While most of our cheese make excellent cooking ingredients, one of the best ways to feature a cheese unique flavour is with the classic cheese board.
The classic way to serve cheese is with fruit, and/or beverages such as beer, wine, ale, cider, or even milk. The milder the cheese the milder the beverage should be, and viceversa. Break out your best serving platter and then select two to five cheese varieties. Cut the pieces in varying sizes depending on the number of people you’ll be serving. To keep things interesting for your guests, choose cheese made in different styles and with different milks. Also, use several kinds of breads – French, rye pumpernickel, black bread, etc. Seasoned or salty crackers are not good choices; cheese should never be inferior to other flavours.
Cheese is very versatile and goes well with many kinds and combinations of foods. As a last course, it enhances most dinners or luncheons. When serving cheese for dessert, provide each person with a small plate and knife. Cheese may be eaten with the fingers, but on formal occasions, it is eaten with a fork. It should not be used with dishes from those countries where little cheese is eaten. Cheese is inappropriate following a Chinese or Japanese dinner, or a hot Indian curry.
As with the cheese, select accompaniments that have varied flavours and textures. For example: nuts, dried fruit, and a savoury compote or confit. Serve them on the same platter as the cheese, so your guests know they are meant to be consumed together. You may want to use small ramekins to keep them separate.
To complete the experience, choose the best time to serve the cheese course. While it can be served as hors d’oeuvres, we recommend including it in the meal as the final course so your guests can truly appreciate each cheese and its accompaniments. It’s a wonderful finish to any meal.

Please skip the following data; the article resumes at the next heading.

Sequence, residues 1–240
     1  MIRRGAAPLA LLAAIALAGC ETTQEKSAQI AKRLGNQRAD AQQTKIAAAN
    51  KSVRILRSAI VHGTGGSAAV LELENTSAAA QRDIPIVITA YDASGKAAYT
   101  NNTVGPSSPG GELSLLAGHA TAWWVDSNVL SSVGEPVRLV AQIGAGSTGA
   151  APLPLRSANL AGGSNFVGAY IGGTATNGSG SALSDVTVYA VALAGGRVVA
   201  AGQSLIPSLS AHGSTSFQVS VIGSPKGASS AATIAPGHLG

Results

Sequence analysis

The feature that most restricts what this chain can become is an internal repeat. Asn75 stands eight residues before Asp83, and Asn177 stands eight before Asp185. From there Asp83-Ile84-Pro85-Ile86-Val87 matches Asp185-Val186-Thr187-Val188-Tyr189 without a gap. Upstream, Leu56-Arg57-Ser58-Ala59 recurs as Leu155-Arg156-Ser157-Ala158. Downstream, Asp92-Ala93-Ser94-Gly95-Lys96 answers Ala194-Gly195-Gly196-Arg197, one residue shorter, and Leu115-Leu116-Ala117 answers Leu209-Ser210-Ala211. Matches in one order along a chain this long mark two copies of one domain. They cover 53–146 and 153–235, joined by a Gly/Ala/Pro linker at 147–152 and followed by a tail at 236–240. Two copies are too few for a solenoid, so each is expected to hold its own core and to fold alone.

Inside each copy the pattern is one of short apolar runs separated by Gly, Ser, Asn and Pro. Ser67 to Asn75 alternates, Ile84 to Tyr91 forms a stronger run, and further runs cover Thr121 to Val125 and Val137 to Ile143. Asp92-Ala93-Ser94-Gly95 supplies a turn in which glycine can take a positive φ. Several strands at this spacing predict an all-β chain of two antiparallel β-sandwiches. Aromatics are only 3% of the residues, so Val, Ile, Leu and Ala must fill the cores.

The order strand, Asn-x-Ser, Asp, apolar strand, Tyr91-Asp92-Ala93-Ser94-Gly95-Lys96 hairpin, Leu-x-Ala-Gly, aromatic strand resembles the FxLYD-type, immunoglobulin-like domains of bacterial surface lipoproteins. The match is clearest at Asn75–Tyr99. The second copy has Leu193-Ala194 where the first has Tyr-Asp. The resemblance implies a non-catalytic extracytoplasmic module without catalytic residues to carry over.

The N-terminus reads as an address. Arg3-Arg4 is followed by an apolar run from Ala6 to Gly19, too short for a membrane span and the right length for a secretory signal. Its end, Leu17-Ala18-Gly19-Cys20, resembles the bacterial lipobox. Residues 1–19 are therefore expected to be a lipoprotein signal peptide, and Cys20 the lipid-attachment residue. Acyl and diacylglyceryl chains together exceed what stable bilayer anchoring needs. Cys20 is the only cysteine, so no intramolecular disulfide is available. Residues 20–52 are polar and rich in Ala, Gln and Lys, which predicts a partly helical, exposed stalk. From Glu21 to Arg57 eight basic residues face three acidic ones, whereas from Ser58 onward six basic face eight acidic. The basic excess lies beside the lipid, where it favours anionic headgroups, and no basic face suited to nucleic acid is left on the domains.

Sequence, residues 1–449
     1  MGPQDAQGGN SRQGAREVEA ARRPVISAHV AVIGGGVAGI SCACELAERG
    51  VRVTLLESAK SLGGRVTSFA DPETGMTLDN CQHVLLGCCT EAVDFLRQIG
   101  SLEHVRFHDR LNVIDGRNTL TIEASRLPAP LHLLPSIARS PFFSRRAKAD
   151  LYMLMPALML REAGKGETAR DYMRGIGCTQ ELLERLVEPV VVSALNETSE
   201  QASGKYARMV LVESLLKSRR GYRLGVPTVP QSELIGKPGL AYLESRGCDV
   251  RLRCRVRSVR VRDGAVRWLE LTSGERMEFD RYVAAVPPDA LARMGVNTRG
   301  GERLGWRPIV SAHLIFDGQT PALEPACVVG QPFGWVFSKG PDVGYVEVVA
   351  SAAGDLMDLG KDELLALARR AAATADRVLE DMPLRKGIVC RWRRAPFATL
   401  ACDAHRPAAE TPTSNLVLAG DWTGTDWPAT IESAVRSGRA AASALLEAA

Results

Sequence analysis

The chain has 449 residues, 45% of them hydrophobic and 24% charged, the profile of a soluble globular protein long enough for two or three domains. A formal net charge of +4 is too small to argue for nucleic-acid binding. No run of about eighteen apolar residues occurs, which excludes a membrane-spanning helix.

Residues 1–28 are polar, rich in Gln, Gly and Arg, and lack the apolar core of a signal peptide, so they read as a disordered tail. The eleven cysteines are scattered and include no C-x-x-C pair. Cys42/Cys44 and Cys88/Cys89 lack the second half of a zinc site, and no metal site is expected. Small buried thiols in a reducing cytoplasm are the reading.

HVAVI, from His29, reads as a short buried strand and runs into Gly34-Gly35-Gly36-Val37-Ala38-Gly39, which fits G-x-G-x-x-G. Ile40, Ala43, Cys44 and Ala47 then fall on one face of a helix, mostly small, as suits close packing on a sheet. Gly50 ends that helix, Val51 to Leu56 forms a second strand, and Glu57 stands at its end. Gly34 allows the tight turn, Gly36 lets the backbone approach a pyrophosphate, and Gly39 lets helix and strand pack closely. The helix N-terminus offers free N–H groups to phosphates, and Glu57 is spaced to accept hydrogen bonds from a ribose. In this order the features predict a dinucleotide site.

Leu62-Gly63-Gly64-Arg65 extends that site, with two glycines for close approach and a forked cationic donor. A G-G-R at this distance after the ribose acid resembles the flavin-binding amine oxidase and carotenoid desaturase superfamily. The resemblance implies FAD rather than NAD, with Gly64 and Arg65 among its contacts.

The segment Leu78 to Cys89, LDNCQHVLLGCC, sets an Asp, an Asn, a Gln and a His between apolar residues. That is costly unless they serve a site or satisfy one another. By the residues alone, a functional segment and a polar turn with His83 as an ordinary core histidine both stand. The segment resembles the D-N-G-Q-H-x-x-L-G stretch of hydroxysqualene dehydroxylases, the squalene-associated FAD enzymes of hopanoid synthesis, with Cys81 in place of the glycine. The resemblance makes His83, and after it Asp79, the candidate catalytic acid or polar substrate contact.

Cheese makes a superb addition to any meal on its own or as part of a dish. With so many varieties to choose from there is something to suit every palate. However, contrary to popular belief, often the tricky part of serving cheese is matching it with wine.
Acid likes acidity and sweet fruitiness likes matching sweetness. Think about the acidity or sweetness in both the wine and cheese. Acidity in food will lessen the acidic characteristics of a wine; for example, goat’s cheese will match well with a dry Sauvignon Blanc, mellowing its high acidity. Sweetness in food tends to cancel out sweetness in wine, making the wine taste drier. This is why a rich blue cheese is best served with a sweet wine, as a dry or medium- dry wine will seem even drier, creating an unpleasant contrast. Pinot Noir is very cheese-friendly and generally great with most cheeses but it is not always the best match. Combining cheese and wine is about texture as well as taste. Big bold red wines will pair with complex strong cheese. Fresh white cheese will match lighter crisp white wines.